From Paramount's ethereal "The Love Parade," a 1929 film which seems to appear once every decade despite it surviving in astonishingly lovely prints, comes this two sided medley of tunes from the production, recorded in the UK that same year and released on the Broadcast label. (The somewhat off-kilter rendition of "Nobody's Using It Now" that leads off Side 2 is a must even for those who aren't particularly fond of this picture!)
Looking for something hotter? Look no further than the two selections that follow!From Rodger's & Hart's "Spring Is Here," (Warners-1930) the one tune that also rouses the whole film to life midway through, "Crying for the Carolines." Performed in the film by the Brox Sisters, who appear to have wandered into the film's garden party to sing and then leave far too soon and too early, it's performed here by the British artists, Alfredo's Band... and despite likely never having been any closer to the Carolines than the West End, you sure wouldn't know it!
"Crying for the Carolines" (1930)
There's a musical sequence in the likewise uneven "Love in the Rough" (Metro-1930) that is staged so unusually and effectively that it seems as though we're not watching a film at all so much as seeing, from a distance, a group of youthful men and women entertaining themselves on the patio of a country club. The tune, "I'm Doing That Thing," starts out simply with Dorothy Jordan accompanying a ukulele wielding fellow --- and then others take up simple instruments, while others (The Biltmore Trio) join in on the vocal --- and then the tune is picked up by an unseen orchestra while everyone present breaks into a dance that's carefully choreographed to not look choreographed at all. It's a sequence that exhilarates, and should you note the film scheduled on cable, you're urged to catch it for this bit of footage alone. Performed here by Morris Elwin and his Orchestra, with a vocal by Van Phillips, recorded in the UK in late-1930. Roll up the rugs, and grab a golf club for a partner.
"I'm Doing That Thing" (1930)
Sooner or later I'll be giving "Noah's Ark" (WB-1928) the full attention it deserves, despite the knowledge that I'm among a very small minority who believe it to be one of the most underrated, under-appreciated and overlooked films of the early sound era. So, either consider yourself warned or, more hopefully, intrigued.
In the meantime, you might enjoy hearing one of the two "modern day" melodies that drift throughout the intricate score. One, the love theme, was "Heart O' Mine," and the other, (also a love theme, in a sense) was "Old Timer," which serves as the theme for the two pals who's lives are predestined and intertwined throughout history.
This rendition of "Old Timer", one of very few recorded (if not the only one?) is by Nick Lucas, shortly before he'd find his Forever in singing of sunshine and tulips. Not to everyone's taste I'm sure, but for those that love the film as I do, it's just grand... just perfect.
"Old Timer" (1929)
By the by, should anyone have the flip-side, "Heart O' Mine," do let me know!
While we're with Mr. Lucas, I've a chance to fulfill a request for his rendition of "In a Kitchenette" from "The Gold Diggers of Broadway," and hasten to do so now.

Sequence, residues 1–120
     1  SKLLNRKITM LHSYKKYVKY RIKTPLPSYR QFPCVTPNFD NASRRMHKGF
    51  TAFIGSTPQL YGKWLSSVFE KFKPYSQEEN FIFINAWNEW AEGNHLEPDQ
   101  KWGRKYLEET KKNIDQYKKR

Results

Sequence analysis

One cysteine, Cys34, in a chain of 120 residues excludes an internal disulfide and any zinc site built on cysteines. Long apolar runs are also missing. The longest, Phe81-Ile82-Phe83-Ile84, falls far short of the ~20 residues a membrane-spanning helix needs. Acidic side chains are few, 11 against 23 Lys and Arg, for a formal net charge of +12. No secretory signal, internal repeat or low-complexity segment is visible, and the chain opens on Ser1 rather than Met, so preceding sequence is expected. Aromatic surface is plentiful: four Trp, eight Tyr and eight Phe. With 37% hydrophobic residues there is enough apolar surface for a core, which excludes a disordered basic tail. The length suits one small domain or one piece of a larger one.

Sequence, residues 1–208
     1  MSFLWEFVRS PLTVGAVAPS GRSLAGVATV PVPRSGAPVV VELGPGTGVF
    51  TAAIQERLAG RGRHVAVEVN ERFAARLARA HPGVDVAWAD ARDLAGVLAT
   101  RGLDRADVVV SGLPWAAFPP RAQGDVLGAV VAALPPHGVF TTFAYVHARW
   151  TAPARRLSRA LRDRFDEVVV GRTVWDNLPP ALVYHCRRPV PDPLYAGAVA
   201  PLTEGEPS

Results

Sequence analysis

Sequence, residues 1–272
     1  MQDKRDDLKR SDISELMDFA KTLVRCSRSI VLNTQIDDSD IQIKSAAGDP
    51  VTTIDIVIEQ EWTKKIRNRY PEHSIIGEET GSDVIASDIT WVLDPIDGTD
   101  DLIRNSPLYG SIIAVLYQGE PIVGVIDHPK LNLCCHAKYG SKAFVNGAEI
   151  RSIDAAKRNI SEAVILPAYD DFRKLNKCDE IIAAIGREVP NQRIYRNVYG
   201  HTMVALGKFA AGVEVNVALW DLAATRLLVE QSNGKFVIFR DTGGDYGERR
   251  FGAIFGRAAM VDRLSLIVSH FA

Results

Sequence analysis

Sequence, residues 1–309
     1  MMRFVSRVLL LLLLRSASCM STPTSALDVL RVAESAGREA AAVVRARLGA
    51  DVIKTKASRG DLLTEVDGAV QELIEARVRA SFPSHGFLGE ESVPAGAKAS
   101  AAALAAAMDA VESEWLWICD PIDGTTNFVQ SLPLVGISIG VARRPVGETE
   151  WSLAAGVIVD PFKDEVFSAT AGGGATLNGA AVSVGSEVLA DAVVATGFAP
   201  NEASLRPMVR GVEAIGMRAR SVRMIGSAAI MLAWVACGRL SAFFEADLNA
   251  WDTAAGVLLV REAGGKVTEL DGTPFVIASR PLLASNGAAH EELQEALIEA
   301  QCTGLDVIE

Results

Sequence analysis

"In A Kitchenette" (1929)
The selections from "Sunny Side Up" in the last post proved more popular than I imagined, and it's heartening to learn that the film has a far wider base of fans than I once thought. Now, if only the folks at Fox DVD could be convinced, it might get the respectful treatment it so rightfully deserves.
Here's yet another medley from the film, this time by the
Victor Light Opera Company, who recorded this sprightly number in early 1930. (The Revelers, I believe, handle "Turn on the Heat" here.)
Vocal Gems from "Sunny Side Up" (Fox-1929)
Also very much within the realm of "sprightly" recordings, is this rendition of "Who?" from Jerome Kern & Marilyn Miller's "Sunny" of 1926, which would arrive on the screen, somewhat deflated and after-the-fact, in mid-1930. Recorded here by a group calling themselves "The Gaiety Musical Comedy Chorus," who it seems would later be reincarnated as the odd present-day vocal group "Chanticleer," turn in a rendition unlike any other you're likely to hear. 'Nuff said.
"Who?" from "Sunny" (1926)
To close out this entry of "Vitaphone Varieties," let's listen in on the closing moments of 1928's "My Man," the lost Fannie Brice feature film. As someone once perceptively pointed out to me, these final moments are different from most films of this period in that here we have a dramatic situation that, while left unresolved, still provides a powerful and firm ending to the film --- unlike other early sound efforts which simply end abruptly (often over a silent "end" title.) We'll probably never know for sure, but here --- as Brice is resigned to the loss of her love, and faces and uncertain future, is brightened by her sympathetic manager's advice. I envision the camera moving in close on Brice's expressive face, her eyes filled with tears, bravely smiling. Her confidence swells, and with it the orchestra, for what must have been a remarkably forward-thinking finale to an equally remarkable (and misjudged) film.
Closing Moment - "My Man" (1928)
Finally, there's no need for me to bid Good-Night when The Blue Mountaineers (UK-1933) can do it for me, and far better too, with
"Big Ben Is Saying Good Night" (1933)
Until next time!